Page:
Thursday, 12 November 2009

Blackwater (Xe) Criticized for Iraq Bribes

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Executives at the private North Carolina-based U.S. security firm Blackwater approved secret payments of about one million dollars to Iraqi officials to "silence their criticism" after its privately contracted guards killed 17 civilians in Baghdad in 2007, the New York Times reported on November 11.

The Times report cited interviews with four unnamed former Blackwater executives, who maintained that Gary Jackson, the company’s president at the time, had approved the bribes.

A report in the British Guardian summarized the original incident:

In the shooting at Nisour Square in September 2007, 17 Iraqis were killed when guards protecting a convoy of US diplomats opened fire at a crowded crossing. The guards were accused of acting like trigger-happy cowboys, who shot with no fear of consequences. The killings shone a harsh light on the role of private contractors in war zones and hardened Iraqi sentiment against the company, which had already been criticized for its mistreatment of Iraqi civilians.

The Guardian reported that the Iraqi government suspended Blackwater’s license after the incident and demanded that Blackwater personnel be expelled from the country within six months. The company afterwards rebranded itself as Xe Services LLC, in an attempt to distance itself from the 2007 incident.

The Iraqi government denied Xe an operating license in early 2009, and the State Department on March 31 awarded a contract reportedly worth nearly a billion dollars to Herndon, Virginia-based Triple Canopy to take over protection of U.S. government personnel in Iraq. The State Department also contracts out some security work to Falls Church, Virginia-based DynCorp. However, in September the State announced it had extended a contract with a Xe subsidiary to provide air support for protecting U.S. diplomats in Iraq. The New York Times reported in April that many of Triple Canopy's guards were likely to be former Blackwater employees.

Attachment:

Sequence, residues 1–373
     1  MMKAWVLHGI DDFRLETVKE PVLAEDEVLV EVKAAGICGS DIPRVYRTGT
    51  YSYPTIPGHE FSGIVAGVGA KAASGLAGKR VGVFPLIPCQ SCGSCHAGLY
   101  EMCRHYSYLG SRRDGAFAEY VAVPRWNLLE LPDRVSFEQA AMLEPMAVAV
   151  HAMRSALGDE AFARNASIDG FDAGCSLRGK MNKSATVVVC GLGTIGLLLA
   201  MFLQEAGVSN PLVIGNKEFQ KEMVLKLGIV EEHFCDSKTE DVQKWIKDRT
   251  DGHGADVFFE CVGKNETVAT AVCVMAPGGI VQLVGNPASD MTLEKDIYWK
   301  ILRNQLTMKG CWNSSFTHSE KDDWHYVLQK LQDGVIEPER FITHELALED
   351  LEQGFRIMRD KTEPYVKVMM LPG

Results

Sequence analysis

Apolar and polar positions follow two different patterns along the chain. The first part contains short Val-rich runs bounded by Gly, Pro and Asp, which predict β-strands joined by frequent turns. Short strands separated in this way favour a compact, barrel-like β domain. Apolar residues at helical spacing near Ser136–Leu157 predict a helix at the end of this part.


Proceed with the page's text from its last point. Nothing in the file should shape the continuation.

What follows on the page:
A report in Iran-based Press TV cited Stacy DeLuke, a spokeswoman for Xe who dismissed the Times report as “baseless” and said the company would not comment about former employees. Another Guardian report noted that Cofer Black, a former top CIA and State Department official who was Blackwater’s vice-chairman back in 2007, disputed the Times's story, saying that he had met U.S. embassy officials to discuss the best course of action after the incident.

"Blackwater was directed to provide some financial compensation to relatives of those Iraqi victims which embassy officials described as called for by Iraqi custom," said Black. "During these meetings with embassy officials, Blackwater sought state department leadership in dispensing any such good faith compensation from Blackwater to the victims' relatives as Blackwater was subordinate to the state department as its security contractor. I never confronted [Blackwater’s chairman and founder] Erik Prince or any other Blackwater official regarding any allegations of bribing Iraqi officials and was unaware of any plot or guidance for Blackwater to bribe Iraqi officials."

An article in the New York Times for October 1, 2007 headlined “Report Depicts Recklessness at Blackwater” quoted from a report compiled by the Democratic majority staff of the House Committee on Oversight and Government Reform that raised questions about the cost-effectiveness of using Blackwater forces instead of United States troops. Blackwater charges the government $1,222 per day per guard, “equivalent to $445,000 per year, or six times more than the cost of an equivalent U.S. soldier,” the report said.

The congressional report, which the Times said was based on 437 internal Blackwater incident reports as well as internal State Department correspondence, said that Blackwater’s use of force “is frequent and extensive, resulting in significant casualties and property damage.” It noted that Blackwater’s contract authorizes it to use lethal force only to prevent “imminent and grave danger” to themselves or the people they are paid to protect.

“In practice, however,” the report said, “the vast majority of Blackwater weapons discharges are pre-emptive, with Blackwater forces firing first at a vehicle or suspicious individual prior to receiving any fire.”